William Hill has announced the remuneration packages for chief executive Ulrik Bengtsson and new chief financial officer Matt Ashley, with Bengtsson to forgo a scheduled pay increase and a contractual bonus as the business deals with the impact of the coronavirus (Covid-19) pandemic.
Bengtsson will receive a salary of £600,000 (€684,000/$744,000) for the year, with his annual salary increase suspended due to the effects of the novel coronavirus (Covid-19) on the business.
In March, William Hill estimated the virus would lead to a decline in earnings before interest, tax, depreciation and amortisation of between £100m and £110m in 2020, and suspended its dividend for 2019.
In addition, £30,000 will go towards a pension for Bengtsson. The operator chose to lower its maximum pension contribution rate for executive directors from 20% to 5% to bring it in line with the general workforce contribution rate.
The operator’s annual bonus and long-term incentive plan schemes, which for the chief executive can be worth up to 150% of salary and 200% of salary respectively, were cancelled for all executives and senior employees.
Bengtsson also opted to decline a Performance Share Plan award for 2020, which would have seen him awarded additional shares in the business based on hitting certain targets.
Ashley, meanwhile, received a £450,000 annual salary, prorated for the time he worked for William Hill in 2020. Ashley took on the new role and joined the William Hill executive board on 6 April, replacing Ruth Prior who in January announced that she would step down from the position.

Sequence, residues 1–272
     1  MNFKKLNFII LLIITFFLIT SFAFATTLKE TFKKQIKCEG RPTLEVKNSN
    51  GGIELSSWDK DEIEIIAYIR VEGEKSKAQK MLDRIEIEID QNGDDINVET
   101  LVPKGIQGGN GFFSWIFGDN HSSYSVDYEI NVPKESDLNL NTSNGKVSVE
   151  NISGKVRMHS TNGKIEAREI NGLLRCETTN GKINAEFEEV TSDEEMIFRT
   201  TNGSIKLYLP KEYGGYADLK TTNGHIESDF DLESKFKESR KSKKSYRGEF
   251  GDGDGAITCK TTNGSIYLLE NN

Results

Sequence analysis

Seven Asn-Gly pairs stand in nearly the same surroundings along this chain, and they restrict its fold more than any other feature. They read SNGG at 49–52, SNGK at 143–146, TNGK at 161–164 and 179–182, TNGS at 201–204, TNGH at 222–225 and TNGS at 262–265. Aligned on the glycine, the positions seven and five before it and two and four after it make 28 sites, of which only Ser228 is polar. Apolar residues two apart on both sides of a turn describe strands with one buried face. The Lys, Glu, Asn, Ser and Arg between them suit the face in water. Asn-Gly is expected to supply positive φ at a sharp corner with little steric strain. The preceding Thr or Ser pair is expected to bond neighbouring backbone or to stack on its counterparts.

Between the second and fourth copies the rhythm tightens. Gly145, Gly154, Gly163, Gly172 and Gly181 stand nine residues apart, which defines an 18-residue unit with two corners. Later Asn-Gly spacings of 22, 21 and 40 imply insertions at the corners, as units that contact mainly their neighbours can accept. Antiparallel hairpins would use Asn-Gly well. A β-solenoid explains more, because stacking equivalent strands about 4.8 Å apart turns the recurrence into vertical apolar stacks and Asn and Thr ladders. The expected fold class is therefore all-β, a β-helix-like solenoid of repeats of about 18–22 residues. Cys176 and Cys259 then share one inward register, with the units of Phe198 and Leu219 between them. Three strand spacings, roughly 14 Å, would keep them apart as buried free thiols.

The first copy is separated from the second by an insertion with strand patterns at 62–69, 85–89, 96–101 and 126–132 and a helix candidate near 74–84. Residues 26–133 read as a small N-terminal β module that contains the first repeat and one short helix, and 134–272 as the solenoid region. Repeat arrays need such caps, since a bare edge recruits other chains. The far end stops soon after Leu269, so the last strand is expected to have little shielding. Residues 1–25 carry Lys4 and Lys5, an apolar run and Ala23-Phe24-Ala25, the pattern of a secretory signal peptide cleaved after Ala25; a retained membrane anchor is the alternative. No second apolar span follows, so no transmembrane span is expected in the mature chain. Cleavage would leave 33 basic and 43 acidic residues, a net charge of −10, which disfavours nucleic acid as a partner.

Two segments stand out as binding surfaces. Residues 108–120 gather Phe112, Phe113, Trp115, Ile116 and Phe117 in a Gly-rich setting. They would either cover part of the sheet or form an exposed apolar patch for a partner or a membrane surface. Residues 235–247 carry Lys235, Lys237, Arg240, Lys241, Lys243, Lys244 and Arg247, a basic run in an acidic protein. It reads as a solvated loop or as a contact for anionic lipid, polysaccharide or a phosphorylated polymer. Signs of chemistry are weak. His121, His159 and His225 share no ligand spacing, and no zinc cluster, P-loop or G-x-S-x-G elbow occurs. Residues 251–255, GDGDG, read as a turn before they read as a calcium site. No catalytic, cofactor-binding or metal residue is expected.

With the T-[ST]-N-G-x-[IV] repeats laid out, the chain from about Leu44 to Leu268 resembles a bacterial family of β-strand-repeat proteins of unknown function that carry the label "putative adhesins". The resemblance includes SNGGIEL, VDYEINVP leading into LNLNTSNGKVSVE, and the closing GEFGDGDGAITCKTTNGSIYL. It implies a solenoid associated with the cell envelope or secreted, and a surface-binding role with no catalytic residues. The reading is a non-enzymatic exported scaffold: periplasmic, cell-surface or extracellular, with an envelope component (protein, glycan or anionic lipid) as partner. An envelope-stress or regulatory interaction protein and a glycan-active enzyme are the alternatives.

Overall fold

William Hill in February revealed Adrian Marsh as Prior’s replacement, but later announced that Marsh had chosen to remain in his current position with international packaging business DS Smith due to the novel coronavirus (Covid-19) outbreak.
Like Bengtsson, Ashley will have a pension contribution of 5% of salary and his bonus and long-term incentive plan have also been cancelled.
The operator added that share awards forfeited as a result of Ashley's resignation from National Express will be compensated on a like-for-like basis. Ashley is also required to hold at least 200% of salary in shares, up from 150% which was previously required of William Hill CFOs.
Wiliam Hill said it was confident it had protected its shareholders’ interests and had not overpaid in order to bring Ashley to the role.
“We believe Matt’s appointment is important in providing stability for our business in the face of the current challenges and will serve our shareholders well,” the operator said. “We have received comments from a number of our leading shareholders welcoming Matt’s appointment, along with the timely manner in which it was made.”
The operator added that it has “topped up” the salaries of all of its furloughed employees to 100% of what they would make when working.
The remuneration packages for William Hill executives will need to be approved at the business’s Annual General Meeting on 15 May 2020.